Can Amazon’s new app help kids develop a lifelong love of reading? Seems like it couldn’t hurt, especially since we’re talking about an educational app. But the consensus among experts is that increased screen time alone is harmful for children after a certain point. The question is how to make sure kids don’t spend so much time in the app that the educational benefits become irrelevant.
The new app is called Amazon Rapids. Aimed at seven to 12-year-olds, the stories unfold with a series of chat bubbles—two chickens discussing whether they should cross the road or an alien accidentally sending a note to an earthling kid about his plans to invade the planet. For $2.99 a month, the app offers “hundreds” of these stories, and it will add “dozens” more each month.
“We already know that kids love to play and message with friends and family using mobile devices,” says Michael Robinson, director of consumer products for Amazon Education. “So we wanted to see what authors and illustrators could create with an app that made it easy to tell stories this way.”
Kids can control the pace of each story by tapping and swiping on the mobile device, and they can look up definitions and pronunciations of difficult words as well as save them to a glossary. If they prefer, they can ask the app to read the story out loud, via the mobile device’s built-in speech-to-text tool.
Jenny Radesky, a developmental behavioral pediatrician at the University of Michigan, questions whether the app is any better than any other reading tool. Still, she says, it can’t hurt. “I tell parents to find anything the child is motivated to engage with—comic books, Minecraft manuals, or sports or nature magazines for kids—as a way to get the child to practice reading.” Amazon Rapids throws a new option into that mix. Susan Neuman, an early literacy specialist at New York University, agrees. “There’s nothing wrong with playing with literacy,” she says. “It might attract those that are disinclined to read books to engage in conversational contexts.”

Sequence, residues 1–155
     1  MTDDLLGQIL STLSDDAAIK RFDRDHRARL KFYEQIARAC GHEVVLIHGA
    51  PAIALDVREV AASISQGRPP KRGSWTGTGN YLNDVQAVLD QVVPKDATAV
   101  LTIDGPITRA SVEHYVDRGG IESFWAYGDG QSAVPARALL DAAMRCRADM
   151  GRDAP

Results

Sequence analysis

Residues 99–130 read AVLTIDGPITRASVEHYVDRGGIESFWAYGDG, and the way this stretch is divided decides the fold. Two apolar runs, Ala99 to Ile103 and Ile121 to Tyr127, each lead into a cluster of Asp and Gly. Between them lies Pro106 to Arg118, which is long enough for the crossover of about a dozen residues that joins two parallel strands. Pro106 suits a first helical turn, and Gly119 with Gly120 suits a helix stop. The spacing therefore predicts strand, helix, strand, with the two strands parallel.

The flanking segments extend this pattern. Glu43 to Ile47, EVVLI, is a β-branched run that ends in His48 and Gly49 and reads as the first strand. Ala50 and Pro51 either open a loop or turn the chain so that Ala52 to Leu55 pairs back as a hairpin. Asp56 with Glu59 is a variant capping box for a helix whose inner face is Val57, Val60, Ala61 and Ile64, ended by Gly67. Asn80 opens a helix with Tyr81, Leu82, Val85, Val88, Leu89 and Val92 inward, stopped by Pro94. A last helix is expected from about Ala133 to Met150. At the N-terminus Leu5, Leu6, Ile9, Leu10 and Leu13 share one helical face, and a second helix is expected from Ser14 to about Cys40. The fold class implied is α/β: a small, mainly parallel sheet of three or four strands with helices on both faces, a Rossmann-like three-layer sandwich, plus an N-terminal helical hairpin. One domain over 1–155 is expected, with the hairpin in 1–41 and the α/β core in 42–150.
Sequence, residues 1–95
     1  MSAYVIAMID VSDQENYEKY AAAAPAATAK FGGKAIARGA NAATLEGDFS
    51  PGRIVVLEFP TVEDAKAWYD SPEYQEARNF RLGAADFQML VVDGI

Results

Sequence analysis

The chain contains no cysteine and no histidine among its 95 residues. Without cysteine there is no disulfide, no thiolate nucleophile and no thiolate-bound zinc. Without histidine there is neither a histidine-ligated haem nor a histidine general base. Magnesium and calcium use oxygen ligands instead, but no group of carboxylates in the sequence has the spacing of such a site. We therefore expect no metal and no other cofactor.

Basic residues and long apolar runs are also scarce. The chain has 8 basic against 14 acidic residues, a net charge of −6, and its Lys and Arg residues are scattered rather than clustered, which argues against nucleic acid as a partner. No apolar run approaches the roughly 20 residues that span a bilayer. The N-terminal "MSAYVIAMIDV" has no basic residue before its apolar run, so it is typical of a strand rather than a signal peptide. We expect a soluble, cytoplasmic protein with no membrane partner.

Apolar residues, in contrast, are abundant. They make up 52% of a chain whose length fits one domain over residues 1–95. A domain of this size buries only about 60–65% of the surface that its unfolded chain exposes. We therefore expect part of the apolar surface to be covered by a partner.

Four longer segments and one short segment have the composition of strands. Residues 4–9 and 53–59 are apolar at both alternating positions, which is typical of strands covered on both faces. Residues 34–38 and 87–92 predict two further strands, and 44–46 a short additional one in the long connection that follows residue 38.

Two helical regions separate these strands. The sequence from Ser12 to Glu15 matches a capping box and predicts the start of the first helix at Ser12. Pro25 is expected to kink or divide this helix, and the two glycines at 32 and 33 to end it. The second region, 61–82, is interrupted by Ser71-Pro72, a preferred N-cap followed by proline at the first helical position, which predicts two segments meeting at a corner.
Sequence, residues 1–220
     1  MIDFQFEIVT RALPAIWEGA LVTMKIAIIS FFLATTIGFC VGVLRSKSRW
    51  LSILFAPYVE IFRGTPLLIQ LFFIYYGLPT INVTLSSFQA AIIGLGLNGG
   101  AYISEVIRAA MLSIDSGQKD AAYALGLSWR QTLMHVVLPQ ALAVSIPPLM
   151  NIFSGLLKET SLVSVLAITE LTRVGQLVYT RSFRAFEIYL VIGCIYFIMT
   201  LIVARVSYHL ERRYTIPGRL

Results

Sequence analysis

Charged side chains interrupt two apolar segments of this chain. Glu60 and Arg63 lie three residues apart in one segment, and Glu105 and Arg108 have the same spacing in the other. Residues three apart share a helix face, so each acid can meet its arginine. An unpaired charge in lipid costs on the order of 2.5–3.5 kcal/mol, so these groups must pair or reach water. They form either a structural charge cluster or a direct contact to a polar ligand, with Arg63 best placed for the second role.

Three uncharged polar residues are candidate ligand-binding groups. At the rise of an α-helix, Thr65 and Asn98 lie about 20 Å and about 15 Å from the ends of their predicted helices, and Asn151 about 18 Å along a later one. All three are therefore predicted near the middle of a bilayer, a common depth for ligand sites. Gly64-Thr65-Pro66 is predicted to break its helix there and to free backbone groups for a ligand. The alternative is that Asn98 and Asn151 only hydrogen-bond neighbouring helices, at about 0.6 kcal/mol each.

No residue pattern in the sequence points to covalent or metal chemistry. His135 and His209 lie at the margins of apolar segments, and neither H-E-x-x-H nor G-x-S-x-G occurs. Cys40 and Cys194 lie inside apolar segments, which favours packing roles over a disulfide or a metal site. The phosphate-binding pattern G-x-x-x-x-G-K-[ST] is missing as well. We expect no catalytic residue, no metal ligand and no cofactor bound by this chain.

But beyond whether this new tech works better than existing reading tools, a more interesting question might be how the increased screen time affects children. Fabienne Doucet, an associate professor of early childhood education at NYU, warns that parents shouldn’t let their kids get too immersed in an app like this—that no passive digital app should take too much time away from activities in the real world. Yes, just last month, the American Academy of Pediatrics lifted its “no screens under the age of two” recommendation, saying that such a stringent rule is outdated after being in place for close to 20 years. Yet so much about the downside of more screen time is still unknown. A few small studies show that kids can learn new words from educational media, only if parents are watching alongside them. Another indicates that kids actually have poorer language skills compared to others when they watch educational material by themselves. (The act of reading alone is an obvious exception to this, since it requires children to be actively engaged with the text.)
As Neuman points out: “Screens are additive, not substitutes of human relationships.” In other words, Rapids might help kids develop a love of reading—so long as there’s a healthy amount of real engagement involved in the experience. But the potential for negative side effects still exists.
This article was syndicated from wired.com